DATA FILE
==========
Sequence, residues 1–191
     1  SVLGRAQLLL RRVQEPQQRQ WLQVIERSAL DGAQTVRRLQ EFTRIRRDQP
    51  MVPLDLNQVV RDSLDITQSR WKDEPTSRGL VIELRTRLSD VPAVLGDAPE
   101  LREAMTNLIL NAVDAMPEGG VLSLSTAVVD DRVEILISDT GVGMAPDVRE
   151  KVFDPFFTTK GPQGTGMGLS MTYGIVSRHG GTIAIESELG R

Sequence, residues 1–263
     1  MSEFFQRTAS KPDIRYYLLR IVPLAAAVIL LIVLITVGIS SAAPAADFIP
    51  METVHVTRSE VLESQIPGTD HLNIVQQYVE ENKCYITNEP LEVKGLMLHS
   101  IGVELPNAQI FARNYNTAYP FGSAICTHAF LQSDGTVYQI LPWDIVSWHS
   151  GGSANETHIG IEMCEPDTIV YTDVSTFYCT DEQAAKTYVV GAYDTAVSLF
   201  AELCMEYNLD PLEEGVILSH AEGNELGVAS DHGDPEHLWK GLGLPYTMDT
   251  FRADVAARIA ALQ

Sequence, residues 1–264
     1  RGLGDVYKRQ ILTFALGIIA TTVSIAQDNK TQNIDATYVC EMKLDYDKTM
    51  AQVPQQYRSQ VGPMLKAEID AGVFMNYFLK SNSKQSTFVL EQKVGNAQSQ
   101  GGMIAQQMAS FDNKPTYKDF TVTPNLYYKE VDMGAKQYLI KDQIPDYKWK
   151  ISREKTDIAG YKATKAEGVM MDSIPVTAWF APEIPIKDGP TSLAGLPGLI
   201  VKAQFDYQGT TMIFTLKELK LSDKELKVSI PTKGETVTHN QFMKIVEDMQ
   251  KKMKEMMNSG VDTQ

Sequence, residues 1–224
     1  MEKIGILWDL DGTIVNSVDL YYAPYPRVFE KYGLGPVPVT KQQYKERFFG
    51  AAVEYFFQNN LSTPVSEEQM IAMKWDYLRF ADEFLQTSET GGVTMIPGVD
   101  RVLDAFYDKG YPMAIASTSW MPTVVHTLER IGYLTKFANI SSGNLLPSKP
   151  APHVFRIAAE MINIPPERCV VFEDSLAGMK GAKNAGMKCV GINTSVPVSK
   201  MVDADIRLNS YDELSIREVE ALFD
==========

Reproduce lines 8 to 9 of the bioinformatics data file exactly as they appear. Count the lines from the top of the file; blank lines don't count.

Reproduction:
    51  METVHVTRSE VLESQIPGTD HLNIVQQYVE ENKCYITNEP LEVKGLMLHS
   101  IGVELPNAQI FARNYNTAYP FGSAICTHAF LQSDGTVYQI LPWDIVSWHS